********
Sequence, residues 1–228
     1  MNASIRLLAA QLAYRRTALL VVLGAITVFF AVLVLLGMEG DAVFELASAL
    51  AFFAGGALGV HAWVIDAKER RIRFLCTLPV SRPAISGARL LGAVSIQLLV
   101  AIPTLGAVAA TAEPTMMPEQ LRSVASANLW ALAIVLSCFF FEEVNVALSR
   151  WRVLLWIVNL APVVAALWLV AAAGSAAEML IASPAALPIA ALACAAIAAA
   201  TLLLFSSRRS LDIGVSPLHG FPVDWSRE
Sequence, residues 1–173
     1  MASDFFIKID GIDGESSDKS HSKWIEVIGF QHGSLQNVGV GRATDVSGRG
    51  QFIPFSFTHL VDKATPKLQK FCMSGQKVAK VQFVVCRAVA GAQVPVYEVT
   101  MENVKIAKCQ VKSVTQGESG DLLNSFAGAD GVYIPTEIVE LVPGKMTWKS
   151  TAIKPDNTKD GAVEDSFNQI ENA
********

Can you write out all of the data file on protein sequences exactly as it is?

Sequence, residues 1–228
     1  MNASIRLLAA QLAYRRTALL VVLGAITVFF AVLVLLGMEG DAVFELASAL
    51  AFFAGGALGV HAWVIDAKER RIRFLCTLPV SRPAISGARL LGAVSIQLLV
   101  AIPTLGAVAA TAEPTMMPEQ LRSVASANLW ALAIVLSCFF FEEVNVALSR
   151  WRVLLWIVNL APVVAALWLV AAAGSAAEML IASPAALPIA ALACAAIAAA
   201  TLLLFSSRRS LDIGVSPLHG FPVDWSRE
Sequence, residues 1–173
     1  MASDFFIKID GIDGESSDKS HSKWIEVIGF QHGSLQNVGV GRATDVSGRG
    51  QFIPFSFTHL VDKATPKLQK FCMSGQKVAK VQFVVCRAVA GAQVPVYEVT
   101  MENVKIAKCQ VKSVTQGESG DLLNSFAGAD GVYIPTEIVE LVPGKMTWKS
   151  TAIKPDNTKD GAVEDSFNQI ENA